In less than one-tenth of a second
Your eyes spot a snake (or your ears pick up on footsteps behind you in an alley) and shoot a signal to the amygdala, a bundle of brain cells that acts as the hard drive of human emotion. It instantly triggers the adrenal glands--and just like that, your adrenaline rush is on, lending you added strength and speed.
The amygdala then prompts the already-busy adrenal glands to churn out cortisol, a stress hormone. High levels of cortisol can impede insulin, causing a rise in blood sugar--i.e., a little extra fuel for a fight-or-flight situation.
Within three seconds
Thanks to the adrenaline, you're breathing faster (to take in extra oxygen), your heart is racing (to get that oxygen to your muscles), your appetite stalls (the energy your body would use for digestion is diverted toward survival), you've started to sweat (to keep from overheating), and your pupils are dilated (to better ID an enemy).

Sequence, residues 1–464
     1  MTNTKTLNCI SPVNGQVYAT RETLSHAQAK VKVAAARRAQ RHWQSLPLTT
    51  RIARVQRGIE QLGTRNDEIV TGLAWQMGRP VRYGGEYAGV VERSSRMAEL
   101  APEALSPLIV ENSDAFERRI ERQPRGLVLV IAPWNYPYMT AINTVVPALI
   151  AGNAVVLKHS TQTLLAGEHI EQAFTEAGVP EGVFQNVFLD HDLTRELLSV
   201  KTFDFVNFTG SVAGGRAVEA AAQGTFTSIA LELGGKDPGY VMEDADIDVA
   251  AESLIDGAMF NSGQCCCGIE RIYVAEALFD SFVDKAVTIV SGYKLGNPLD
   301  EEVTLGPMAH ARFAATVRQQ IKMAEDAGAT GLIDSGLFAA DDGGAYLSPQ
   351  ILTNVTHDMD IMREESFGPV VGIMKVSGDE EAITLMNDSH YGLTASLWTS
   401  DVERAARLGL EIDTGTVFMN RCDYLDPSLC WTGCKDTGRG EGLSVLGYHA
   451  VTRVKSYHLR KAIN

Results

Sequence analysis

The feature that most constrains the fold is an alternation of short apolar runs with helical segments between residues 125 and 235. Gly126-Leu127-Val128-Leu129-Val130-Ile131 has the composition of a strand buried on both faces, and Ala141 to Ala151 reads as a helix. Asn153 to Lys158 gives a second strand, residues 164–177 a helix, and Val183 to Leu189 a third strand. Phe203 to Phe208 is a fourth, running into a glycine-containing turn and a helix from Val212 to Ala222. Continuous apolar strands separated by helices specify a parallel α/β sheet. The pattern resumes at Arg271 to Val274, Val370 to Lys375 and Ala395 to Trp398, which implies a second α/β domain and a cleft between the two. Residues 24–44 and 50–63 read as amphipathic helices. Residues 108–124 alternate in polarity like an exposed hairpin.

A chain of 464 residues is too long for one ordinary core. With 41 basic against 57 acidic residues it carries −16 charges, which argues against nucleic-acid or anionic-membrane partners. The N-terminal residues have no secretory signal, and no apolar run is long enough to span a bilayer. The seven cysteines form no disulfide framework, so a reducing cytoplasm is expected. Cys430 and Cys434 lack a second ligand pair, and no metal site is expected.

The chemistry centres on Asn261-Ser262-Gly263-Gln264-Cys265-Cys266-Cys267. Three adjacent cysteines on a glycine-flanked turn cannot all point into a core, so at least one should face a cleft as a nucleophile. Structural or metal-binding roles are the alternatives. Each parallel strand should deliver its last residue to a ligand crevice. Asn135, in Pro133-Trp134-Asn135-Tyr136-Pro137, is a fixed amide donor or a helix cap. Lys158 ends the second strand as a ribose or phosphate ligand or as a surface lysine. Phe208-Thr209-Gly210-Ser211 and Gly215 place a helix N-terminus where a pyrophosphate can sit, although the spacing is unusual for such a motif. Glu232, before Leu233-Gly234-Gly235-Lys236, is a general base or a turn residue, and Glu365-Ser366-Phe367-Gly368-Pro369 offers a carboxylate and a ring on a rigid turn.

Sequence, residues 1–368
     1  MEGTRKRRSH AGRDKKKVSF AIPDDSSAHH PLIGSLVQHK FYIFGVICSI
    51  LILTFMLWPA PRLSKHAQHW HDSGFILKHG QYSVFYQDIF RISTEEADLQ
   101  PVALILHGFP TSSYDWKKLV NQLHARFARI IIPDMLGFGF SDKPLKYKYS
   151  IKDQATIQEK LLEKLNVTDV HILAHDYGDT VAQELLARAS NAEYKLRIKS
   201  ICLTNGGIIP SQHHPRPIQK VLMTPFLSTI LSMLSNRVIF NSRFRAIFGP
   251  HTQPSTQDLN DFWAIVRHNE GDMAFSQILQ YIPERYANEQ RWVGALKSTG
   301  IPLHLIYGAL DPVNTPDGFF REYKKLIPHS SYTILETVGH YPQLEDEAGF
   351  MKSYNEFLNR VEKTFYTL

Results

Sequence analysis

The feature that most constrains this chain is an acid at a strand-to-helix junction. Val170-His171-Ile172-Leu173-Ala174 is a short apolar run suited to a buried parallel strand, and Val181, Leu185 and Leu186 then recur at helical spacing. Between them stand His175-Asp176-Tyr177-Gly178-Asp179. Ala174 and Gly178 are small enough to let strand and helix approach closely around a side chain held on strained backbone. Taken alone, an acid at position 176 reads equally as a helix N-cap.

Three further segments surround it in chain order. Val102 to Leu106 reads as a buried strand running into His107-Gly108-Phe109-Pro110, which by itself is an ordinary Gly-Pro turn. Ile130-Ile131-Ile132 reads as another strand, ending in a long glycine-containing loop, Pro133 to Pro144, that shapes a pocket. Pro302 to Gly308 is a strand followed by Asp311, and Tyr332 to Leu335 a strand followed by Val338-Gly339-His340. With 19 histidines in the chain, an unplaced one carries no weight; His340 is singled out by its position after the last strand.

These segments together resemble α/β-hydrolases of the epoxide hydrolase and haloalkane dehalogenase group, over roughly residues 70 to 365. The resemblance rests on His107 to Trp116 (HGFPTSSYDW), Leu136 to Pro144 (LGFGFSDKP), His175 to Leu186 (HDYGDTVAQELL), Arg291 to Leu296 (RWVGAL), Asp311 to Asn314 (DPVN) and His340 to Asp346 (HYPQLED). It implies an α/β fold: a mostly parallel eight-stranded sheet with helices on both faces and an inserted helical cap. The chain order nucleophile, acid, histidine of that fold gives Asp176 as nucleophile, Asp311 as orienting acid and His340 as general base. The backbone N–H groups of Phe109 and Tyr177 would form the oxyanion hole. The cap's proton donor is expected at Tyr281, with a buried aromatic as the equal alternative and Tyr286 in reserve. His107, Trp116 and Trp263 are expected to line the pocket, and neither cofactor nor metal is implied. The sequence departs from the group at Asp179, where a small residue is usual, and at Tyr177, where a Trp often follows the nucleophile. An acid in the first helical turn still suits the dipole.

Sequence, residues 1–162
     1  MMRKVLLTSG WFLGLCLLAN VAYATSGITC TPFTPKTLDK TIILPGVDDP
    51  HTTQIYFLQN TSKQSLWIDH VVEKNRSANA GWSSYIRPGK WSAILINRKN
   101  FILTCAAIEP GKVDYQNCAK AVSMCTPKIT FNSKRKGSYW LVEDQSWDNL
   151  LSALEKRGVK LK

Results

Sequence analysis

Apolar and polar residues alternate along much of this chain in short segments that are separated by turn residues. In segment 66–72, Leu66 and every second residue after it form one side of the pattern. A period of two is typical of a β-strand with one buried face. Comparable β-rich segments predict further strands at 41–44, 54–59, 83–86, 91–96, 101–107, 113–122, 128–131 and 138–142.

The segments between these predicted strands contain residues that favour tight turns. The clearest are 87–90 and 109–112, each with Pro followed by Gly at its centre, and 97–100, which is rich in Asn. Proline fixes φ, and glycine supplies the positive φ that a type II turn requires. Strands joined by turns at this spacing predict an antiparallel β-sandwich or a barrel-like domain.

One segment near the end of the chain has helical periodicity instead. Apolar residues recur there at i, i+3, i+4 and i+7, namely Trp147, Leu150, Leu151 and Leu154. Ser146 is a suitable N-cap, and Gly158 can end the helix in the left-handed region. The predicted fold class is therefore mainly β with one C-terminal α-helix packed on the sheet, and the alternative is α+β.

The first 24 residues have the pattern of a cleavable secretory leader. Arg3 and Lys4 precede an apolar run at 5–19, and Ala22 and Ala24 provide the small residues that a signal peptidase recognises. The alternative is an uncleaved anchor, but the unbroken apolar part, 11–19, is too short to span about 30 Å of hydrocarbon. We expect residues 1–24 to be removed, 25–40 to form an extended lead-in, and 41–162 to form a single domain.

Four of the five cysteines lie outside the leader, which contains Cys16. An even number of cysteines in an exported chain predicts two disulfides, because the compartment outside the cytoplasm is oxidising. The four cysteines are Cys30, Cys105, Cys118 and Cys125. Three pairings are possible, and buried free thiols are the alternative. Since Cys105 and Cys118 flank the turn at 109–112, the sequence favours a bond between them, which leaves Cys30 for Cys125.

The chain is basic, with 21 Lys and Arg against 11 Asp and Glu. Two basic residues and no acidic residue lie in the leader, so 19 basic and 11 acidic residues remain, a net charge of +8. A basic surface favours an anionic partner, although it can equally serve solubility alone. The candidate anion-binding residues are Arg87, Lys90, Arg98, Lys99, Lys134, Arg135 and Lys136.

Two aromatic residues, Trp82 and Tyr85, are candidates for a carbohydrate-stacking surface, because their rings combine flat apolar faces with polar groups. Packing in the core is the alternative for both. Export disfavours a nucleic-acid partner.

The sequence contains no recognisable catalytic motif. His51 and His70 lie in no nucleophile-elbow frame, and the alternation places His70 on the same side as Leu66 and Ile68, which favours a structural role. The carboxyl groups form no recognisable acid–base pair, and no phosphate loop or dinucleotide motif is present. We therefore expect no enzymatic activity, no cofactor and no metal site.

The cortisol has saturated your bloodstream and feeds back into the amygdala to boost the perception of danger. It also reinforces your memory of the initial fright, so you may feel a little jumpy for the next few days.
Within five seconds
The rest of your brain is now fully tuned in to the threat. Nerve cells start to release endorphins, morphinelike natural painkillers that can combat the effects of physical stress (just in case you get injured by the scary thing that's revved you up).
Your brain is also releasing dopamine, the neurotransmitter best known for ushering in a "feel good" sensation akin to what you'd get from some narcotics. Hence, that thrill-packed delight some people may feel while watching horror movies.
Within five minutes
If the terror has passed, your body starts to simmer down (you can help it along by taking slow, measured breaths). The thinking center of your brain, the frontal cortex, was drowned out by all the fuss but is now able to unleash nerve signals that quiet down the amygdala and talk sense into the rest of your head.
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